6. A good attorney takes human factors into account. Law is a profession. It is regulated by certain rules and principles, and despite certain public opinion, it is fundamental to maintenance of a free democracy. While an attorney has a duty to know and apply the law, he also has a duty to provide counsel which acknowledges the imperfections and foilables of the human condition. A good attorney will bring this attitude not only into his relationship with you, but also into the advice he gives you with respect to your dealings with the other side. This sense of humanity is partly innate and partly a function of experience, but it is critical to mature legal advice. If your attorney lacks this sense of humanity, find another attorney.
  7. A good attorney remains current. It is critical for attorneys, just as it is for doctors or dentists or any other professional, to remain current in his chosen professional field. A legitimate (but seldom asked) question for a new client of his attorney is the most recent professional seminar the attorney attended in the relevant field. If the attorney's continuing education in that field is more than one year old, question whether the attorney is current.
  8. A good attorney attempts to resolve your legal problem at the lowest possible cost, all things considered. Part of the "art" of being a good business lawyer is solving a client's problem at the lowest possible cost. This of course assumes that the client's problem is one which will require some payment from the client to resolve. This will usually (but not always) cause the attorney to recommend against protracted litigation , and to institute serious settlement discussions at the earliest opportunity. Unless your attorney has a good idea of the availability and cost of all options early on in the case, he will be unable to maximize the result. In previous columns I've spoken about the dilemma which arises in dispute resolution when the collective attorney's fees incurred by all sides reaches "critical mass". It's at this point that settlement of the case becomes much more difficult since the plaintiff feels he must recover his attorney's fees, as well as his primary damages in order to settle the case, and the defendant may put less on the table since he likewise has incurred significant attorney's fees. Avoidance of this critical mass problem is fundamental to most legal problem solving, and it is the attorney's duty to achieve that result. If your attorney does not bring this philosophy to his representation, find another attorney.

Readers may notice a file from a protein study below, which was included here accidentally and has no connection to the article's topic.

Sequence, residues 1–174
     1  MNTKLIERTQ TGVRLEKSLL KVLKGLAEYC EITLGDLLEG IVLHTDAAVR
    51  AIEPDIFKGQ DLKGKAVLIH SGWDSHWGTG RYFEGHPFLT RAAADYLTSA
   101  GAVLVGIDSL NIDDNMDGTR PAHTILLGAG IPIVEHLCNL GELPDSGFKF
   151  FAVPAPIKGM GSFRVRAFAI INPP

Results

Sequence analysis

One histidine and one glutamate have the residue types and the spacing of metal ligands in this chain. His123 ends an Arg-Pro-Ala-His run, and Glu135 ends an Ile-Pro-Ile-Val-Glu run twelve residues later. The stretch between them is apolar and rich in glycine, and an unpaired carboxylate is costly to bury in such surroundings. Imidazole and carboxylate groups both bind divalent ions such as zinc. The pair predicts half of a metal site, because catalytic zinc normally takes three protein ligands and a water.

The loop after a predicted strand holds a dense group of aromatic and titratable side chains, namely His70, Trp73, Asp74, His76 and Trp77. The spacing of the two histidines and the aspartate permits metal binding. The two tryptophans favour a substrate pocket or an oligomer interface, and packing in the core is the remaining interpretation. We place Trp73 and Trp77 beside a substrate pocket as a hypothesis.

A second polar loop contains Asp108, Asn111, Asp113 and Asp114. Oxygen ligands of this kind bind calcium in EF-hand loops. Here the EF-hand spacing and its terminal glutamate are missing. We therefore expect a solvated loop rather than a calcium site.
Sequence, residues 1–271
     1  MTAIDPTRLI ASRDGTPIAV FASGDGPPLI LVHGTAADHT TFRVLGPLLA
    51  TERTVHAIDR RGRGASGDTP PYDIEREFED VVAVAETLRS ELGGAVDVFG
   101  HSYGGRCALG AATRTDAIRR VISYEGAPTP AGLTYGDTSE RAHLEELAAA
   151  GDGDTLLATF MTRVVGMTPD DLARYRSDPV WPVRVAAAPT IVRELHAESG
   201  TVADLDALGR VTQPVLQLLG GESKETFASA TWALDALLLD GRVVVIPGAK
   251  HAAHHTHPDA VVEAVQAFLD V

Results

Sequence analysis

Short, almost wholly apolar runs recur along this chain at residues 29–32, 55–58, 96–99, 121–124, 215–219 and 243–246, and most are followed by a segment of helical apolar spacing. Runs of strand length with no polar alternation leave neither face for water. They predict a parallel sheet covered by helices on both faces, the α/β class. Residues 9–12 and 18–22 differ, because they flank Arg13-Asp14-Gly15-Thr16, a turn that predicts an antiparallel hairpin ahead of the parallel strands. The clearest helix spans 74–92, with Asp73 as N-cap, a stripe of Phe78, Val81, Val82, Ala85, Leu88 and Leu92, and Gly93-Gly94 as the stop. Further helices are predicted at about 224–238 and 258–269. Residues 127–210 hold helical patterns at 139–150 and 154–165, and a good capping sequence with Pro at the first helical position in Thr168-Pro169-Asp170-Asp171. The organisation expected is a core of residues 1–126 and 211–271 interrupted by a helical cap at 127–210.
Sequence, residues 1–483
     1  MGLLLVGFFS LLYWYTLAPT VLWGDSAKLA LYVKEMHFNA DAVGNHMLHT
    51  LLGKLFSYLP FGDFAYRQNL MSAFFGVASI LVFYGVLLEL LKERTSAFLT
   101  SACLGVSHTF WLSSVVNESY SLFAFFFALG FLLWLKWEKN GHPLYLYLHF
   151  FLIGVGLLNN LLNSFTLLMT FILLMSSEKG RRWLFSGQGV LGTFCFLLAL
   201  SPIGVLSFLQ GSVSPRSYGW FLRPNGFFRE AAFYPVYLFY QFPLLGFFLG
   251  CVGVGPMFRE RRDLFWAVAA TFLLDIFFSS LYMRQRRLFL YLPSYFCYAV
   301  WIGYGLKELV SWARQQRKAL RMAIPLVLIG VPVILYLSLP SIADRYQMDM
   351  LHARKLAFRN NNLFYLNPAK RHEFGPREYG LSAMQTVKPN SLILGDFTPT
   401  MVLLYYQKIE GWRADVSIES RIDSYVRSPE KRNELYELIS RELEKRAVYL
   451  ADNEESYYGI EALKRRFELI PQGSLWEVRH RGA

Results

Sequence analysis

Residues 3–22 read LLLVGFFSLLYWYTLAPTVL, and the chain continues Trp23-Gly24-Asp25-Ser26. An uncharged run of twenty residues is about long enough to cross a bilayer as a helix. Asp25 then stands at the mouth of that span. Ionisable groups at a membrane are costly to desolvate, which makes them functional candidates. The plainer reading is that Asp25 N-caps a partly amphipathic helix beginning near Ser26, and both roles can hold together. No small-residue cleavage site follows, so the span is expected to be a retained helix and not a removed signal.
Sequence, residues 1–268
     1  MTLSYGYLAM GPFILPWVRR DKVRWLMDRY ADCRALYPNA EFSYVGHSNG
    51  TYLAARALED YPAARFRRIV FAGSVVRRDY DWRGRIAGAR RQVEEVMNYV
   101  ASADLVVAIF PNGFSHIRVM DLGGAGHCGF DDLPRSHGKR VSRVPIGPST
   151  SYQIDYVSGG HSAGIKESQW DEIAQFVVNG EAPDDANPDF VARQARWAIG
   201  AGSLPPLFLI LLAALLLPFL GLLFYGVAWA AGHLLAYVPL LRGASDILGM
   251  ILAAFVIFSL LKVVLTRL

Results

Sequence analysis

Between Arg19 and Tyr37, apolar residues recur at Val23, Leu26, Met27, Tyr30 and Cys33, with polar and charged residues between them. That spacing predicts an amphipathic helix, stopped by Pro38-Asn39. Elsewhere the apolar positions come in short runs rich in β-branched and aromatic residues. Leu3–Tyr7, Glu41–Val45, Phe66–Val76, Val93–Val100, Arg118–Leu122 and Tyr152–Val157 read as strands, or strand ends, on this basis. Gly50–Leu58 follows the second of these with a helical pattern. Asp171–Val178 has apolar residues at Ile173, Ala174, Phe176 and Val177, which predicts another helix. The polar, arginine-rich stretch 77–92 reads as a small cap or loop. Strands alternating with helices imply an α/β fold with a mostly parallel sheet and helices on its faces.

There are other hallmarks of good attorneys, but this list presents those which I feel are most important. Test your legal counsel against these measures. If he or she is found wanting, find another attorney.

*article courtesy of Michael L. Hanks.